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AIIM Chicago Seminar 10/7/10 – Sound bites

October 12, 2010

In my last post, I presented some of my impressions of the recent AIIM Chicago seminar. In this post, I wanted to pull together the sound bites I tweeted during the event so folks could have them in one place without having to wade through Twitter.

I think there’s some interesting stuff here: a good mix of statistical nuggets, ECM philosophy, and marketplace prognostication…so enjoy!

Peggy Winton, AIIM VP, Keynote Address

“Information is a liability and an asset.”

“You can’t say no to information—employees will still find a way to get it if you do and customers will demand it.”

“At organizations 39% of emails are unmanaged, 93% of tweets, and 90% of IMs.”

“For 37% of organizations, SharePoint is the first foray into an ECM system; 43% or organizations use it in conjunction with other ECM systems.”

Pam Doyle, Fujitsu, 8 Ways to Ensure ROI for ECM

“Key ECM business drivers are cost reduction, customer service, compliance, and collaboration.”

“ECM is both a technology and a strategy for managing all content at the enterprise.”

“Average document at an organization photocopied nine times; average office worker prints 10,000 pages per year, 45% of that is thrown out within 24 hrs.”

“It costs on average $25,000 to print enough paper to fill a four-drawer file cabinet and $2,000 a year to store (in Chicago).”

“One of our case study showed that a 2 page contract went through 14 steps to get finalized and turned into 111 printed pages by the end of it all.”

“The ‘E’ in ECM is an oxymoron—content management success comes from addressing one document-intensive process at a time.”

“With ECM tools there is a beginning and a middle but no end—ECM is a constant process of improvement and leveraging capabilities further across the enterprise.”

George David, Knowledge Lake, 8 ways your organization can improve efficiency, increase productivity, and reduce risk

“Don’t underestimate the importance of your platform choices—this is the major first step to avoid silos of systems.”

“Microsoft’s success with SharePoint has come from first owning the OS, followed by the desktop apps, and then the DB layer (SQL)—now they can move into the application layer with SharePoint.”

“By the end of 2010, 80% of organizations will be using SharePoint.”

“The 3 Es of adoption success: everyone participates, easy to use, and enterprise readiness.”

“Collaboration without structure is a waste of time.”

“The Butler Group finds that 90% of documents have no useful metadata attached.”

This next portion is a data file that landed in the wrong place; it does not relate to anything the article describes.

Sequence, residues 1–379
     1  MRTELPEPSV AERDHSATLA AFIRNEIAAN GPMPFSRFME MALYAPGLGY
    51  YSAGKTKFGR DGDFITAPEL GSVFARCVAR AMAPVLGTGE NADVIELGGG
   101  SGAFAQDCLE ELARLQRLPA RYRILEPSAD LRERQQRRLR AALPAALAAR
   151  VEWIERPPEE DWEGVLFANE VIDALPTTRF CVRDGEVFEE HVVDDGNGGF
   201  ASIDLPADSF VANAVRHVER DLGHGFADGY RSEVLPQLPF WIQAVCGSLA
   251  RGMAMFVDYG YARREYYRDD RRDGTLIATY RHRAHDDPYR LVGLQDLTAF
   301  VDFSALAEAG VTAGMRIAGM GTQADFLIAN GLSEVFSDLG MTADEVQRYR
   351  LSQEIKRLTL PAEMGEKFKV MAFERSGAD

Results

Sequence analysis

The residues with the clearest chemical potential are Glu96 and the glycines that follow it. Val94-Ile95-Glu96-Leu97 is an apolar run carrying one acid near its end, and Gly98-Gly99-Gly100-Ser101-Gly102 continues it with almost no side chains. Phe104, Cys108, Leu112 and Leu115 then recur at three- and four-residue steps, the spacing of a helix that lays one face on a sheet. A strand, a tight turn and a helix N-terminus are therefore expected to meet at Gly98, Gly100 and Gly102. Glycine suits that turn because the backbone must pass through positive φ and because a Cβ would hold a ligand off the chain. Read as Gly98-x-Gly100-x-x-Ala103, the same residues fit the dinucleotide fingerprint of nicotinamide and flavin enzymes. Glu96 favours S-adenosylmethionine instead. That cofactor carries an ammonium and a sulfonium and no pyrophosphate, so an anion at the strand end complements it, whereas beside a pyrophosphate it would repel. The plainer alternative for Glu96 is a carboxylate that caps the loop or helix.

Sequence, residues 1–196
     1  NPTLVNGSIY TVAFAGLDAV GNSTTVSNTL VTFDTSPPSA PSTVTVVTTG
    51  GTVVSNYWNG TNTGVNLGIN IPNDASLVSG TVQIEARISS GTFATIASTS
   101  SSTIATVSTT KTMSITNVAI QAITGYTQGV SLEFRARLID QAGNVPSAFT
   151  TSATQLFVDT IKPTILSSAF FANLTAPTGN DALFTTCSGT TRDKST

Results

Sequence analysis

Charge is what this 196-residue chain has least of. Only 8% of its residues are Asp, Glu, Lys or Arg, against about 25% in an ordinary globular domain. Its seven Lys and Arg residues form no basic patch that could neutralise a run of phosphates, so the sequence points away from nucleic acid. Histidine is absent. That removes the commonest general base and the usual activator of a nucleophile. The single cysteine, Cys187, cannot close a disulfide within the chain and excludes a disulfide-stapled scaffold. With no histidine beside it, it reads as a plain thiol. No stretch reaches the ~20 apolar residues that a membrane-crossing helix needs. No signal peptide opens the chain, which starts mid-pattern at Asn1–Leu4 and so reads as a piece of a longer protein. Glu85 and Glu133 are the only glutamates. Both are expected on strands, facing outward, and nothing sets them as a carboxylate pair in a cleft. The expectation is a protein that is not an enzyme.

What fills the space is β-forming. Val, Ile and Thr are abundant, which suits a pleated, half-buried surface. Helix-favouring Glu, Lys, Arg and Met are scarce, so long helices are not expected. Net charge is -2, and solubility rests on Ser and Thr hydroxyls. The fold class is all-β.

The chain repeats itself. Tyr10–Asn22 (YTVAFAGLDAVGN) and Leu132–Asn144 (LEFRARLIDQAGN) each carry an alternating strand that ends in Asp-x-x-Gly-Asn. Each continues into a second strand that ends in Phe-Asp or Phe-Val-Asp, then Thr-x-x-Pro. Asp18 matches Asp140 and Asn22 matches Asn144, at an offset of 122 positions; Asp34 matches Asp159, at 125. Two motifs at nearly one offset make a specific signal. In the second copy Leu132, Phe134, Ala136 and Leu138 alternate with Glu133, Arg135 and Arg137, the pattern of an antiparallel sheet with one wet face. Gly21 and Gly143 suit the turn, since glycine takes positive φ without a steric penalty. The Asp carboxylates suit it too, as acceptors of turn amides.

“Why are ECM adoption rates low? ECM tools tend to be complicated to use, have inefficient search, and are not tightly integrated with desktop applications.”

box.net presentation, 8 things you need to know about cloud content management

“IT shouldn’t be focused on making end-users happy, it should be focused on making them more effective.”

“Cloud content management? Your employees are already using it—they’ve found ways to share content externally to meet their business needs without going through official channels.”

Colin Toomey, Hyland Software, Got Hope? ECM Vendor Viability in the SharePoint Era

“As vendors we sometimes look at ourselves (wrongly) as the center of the universe and as able to do everything…and we’re not.”

“Saying you need a unified ECM suite from one vendor is like a car manufacturer telling customers, ‘we have one car that works for everyone’.”

“The all in one ECM suite: an idea whose time has come…and gone.”

“Customers don’t want a platform, they want a solution to their problem.”

“Today ECM is first and foremost a strategy, not a tool or platform.”

“Each ECM tool is geared for solving different problems—customers need to figure out which tool solves their problems and make buying decisions accordingly.”

“Comprehensive ECM strategies sometimes require a portfolio of applications.”

“You want to deploy best fits, not misfits.

“When it comes to ECM, there is no best, only best fits.

 

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2 Comments leave one →
  1. October 12, 2010 11:22 am

    Great recap. I wish you would have sat in my session. I would have liked to have seen what (if anything) you captured from my talk on “Paper is an Asset – Taming your Paper Tiger” – maybe next year.

  2. October 12, 2010 11:34 am

    Jeff,

    I know–I found myself wanting to be able to be in two places at once during the seminar because all the sessions looked fabulous!

    But feel free to post your own sound bites from your presentation here and add them to the conversation…would love to see them…

    And thanks for jumping in and offering your kind words–appreciate it!

    Cheers,

    Joe

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